A man's opinion on tramcars matters; his opinion on Botticelli matters; his opinion on all things does not matter. . . . Everything matters--except everything.Chesterton quickly segues logically into a topic which will consume much of "Heresy": the false contrast between "practicality" and "idealism", with a reference to his contemporary Wilde (my mention of him in the opening of this review not by coincidence):
In the fifteenth century men cross-examined and tormented a man because he preached some immoral attitude; in the nineteenth century we feted and flattered Oscar Wilde because he preached such an attitude, and then broke his heart in penal servitude because he carried it out. It may be a question which of the two methods was the more cruel; there can be no kind of question which was the more ludicrous. The age of the Inquisition has not at least the disgrace of having produced a society which made an idol of the very same man for preaching the very same things which it made him a convict for practicing.Know what you believe, says Chesterton, and live it like you mean it to the hilt; any other manner of living is heresy. Of course, your belief may be wildly wrong, and Chesterton will mercilessly mock you for it, as he does such famous names as Kipling, H. G. Wells, and George Bernard Shaw. It is important to be orthodox, but it is just as important to be right, says Chesterton, in words so often quotable that for the first time in a long time I was underscoring dozens of passages and tempted to quote most of them here in this review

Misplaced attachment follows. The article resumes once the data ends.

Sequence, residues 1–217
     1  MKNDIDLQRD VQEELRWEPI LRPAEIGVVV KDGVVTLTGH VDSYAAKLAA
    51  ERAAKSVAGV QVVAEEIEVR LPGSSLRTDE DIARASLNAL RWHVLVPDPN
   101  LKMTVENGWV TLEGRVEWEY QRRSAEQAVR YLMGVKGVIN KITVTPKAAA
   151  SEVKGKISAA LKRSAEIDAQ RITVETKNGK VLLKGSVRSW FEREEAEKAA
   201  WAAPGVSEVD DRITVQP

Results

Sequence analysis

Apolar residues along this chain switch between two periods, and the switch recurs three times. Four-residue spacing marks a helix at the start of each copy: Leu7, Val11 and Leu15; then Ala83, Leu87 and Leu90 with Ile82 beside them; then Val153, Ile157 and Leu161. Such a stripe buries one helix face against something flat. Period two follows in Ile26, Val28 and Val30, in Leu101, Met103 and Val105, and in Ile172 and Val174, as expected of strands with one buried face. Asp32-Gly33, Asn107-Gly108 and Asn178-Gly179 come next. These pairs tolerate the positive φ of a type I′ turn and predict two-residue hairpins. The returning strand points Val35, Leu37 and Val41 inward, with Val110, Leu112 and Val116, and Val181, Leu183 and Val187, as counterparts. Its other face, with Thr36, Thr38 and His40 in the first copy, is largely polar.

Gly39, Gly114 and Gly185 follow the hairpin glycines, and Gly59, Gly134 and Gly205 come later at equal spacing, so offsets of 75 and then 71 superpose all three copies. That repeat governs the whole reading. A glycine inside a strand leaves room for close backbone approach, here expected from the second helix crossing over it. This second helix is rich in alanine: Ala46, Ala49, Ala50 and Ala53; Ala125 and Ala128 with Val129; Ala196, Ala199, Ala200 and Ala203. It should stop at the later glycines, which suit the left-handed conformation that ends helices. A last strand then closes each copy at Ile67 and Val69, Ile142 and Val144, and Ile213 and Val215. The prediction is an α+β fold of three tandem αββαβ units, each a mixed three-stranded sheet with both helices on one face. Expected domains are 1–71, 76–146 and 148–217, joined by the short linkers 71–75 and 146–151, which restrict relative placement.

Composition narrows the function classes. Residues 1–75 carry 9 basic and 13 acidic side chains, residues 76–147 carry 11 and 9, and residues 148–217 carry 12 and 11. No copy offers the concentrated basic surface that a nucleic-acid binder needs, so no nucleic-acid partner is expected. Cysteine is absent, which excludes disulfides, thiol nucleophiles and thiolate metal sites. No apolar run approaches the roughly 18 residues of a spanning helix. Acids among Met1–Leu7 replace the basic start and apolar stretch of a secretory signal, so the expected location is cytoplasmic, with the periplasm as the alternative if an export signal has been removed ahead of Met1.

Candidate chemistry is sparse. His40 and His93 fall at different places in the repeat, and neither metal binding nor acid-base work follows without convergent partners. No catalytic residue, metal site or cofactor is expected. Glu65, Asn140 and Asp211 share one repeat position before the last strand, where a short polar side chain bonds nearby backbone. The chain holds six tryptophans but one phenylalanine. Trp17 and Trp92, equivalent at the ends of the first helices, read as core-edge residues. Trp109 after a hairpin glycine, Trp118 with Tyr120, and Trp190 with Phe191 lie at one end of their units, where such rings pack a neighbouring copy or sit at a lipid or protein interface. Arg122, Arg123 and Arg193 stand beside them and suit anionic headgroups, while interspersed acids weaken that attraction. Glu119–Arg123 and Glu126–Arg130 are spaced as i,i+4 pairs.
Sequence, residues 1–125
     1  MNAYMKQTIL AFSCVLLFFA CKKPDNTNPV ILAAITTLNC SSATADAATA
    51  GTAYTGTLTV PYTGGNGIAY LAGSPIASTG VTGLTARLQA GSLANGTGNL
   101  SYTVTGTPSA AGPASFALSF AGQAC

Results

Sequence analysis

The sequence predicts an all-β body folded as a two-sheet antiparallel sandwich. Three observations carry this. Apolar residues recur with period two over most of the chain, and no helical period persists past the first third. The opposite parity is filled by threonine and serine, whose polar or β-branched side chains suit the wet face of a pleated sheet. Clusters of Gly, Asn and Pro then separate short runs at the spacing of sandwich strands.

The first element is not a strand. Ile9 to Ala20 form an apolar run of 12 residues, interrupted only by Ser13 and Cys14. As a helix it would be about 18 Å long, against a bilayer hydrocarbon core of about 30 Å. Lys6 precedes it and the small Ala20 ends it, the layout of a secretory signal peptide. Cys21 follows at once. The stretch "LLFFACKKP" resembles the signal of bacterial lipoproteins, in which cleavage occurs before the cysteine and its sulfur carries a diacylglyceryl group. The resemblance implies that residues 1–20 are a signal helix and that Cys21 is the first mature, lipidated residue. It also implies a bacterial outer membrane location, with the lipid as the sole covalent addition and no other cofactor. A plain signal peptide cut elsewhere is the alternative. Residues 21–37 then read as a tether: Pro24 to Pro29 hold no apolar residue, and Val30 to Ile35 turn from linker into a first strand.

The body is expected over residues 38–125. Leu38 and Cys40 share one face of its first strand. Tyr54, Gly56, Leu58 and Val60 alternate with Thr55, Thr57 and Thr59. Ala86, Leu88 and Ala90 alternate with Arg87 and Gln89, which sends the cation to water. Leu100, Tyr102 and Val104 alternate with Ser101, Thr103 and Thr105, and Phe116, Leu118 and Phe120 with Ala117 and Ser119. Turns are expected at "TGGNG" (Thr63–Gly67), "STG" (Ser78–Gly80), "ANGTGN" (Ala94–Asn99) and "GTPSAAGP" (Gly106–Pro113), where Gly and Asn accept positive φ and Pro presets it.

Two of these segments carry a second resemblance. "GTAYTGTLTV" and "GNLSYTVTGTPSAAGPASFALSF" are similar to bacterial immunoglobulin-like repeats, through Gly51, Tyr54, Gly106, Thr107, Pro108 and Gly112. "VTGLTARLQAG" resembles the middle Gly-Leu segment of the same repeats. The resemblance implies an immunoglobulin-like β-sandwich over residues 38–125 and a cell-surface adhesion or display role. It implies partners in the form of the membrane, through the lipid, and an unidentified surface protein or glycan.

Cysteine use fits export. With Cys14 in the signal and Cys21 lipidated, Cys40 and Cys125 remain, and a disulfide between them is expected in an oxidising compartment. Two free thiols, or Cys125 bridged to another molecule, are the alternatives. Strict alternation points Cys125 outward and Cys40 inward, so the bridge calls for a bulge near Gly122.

"Liberty" . . . is a dodge to avoid discussing what is good. . . . "Progress" . . . is a dodge to avoid discussing what is good. . . . "Education" . . . is a dodge to avoid discussing what is good. The modern man says "let us leave all these arbitrary standards and embrace liberty." This is, logically rendered, "Let us not decide what is good, but let it be considered good not to decide it." He says "Away with your old moral formulae; I am for progress." This, logically stated, means "Let us not settle what is good, but let us settle whether we are getting more of it." He says, "Neither in religion nor morality, my friend, lie the hopes of the race, but in education." This, clearly expressed, means, "We cannot decide what is good, but let us give it to our children."The next time someone throws "tolerance" in your face for speaking clearly and strongly about what you believe and why, throw Chesterton back in his face, and defy him with good humor and grace for the fool that he is. And if some one claims to tell you why you must vote for one candidate over another in this year's election, but this person has not read Chesterton, suggest that he is not qualified to vote intelligently until he has read and understood Chesterton. Most likely, given the general state of education and vote-mongers in this country today, he will neither have read Chesterton nor be able to understand him if he had.
Everything else in the modern world is of Christian origin. . . . Physical science is of Christian origin. The attack on Christianity is of Christian origin. There is one thing, and one thing only, in existence at the present day which can in any sense accurately be said to be of pagan origin, and that is Christianity.It does matter what you believe, and why, and Chesterton is unapologetically Christian to the core. Know what you believe, and why. And please, don't vote unless you do.
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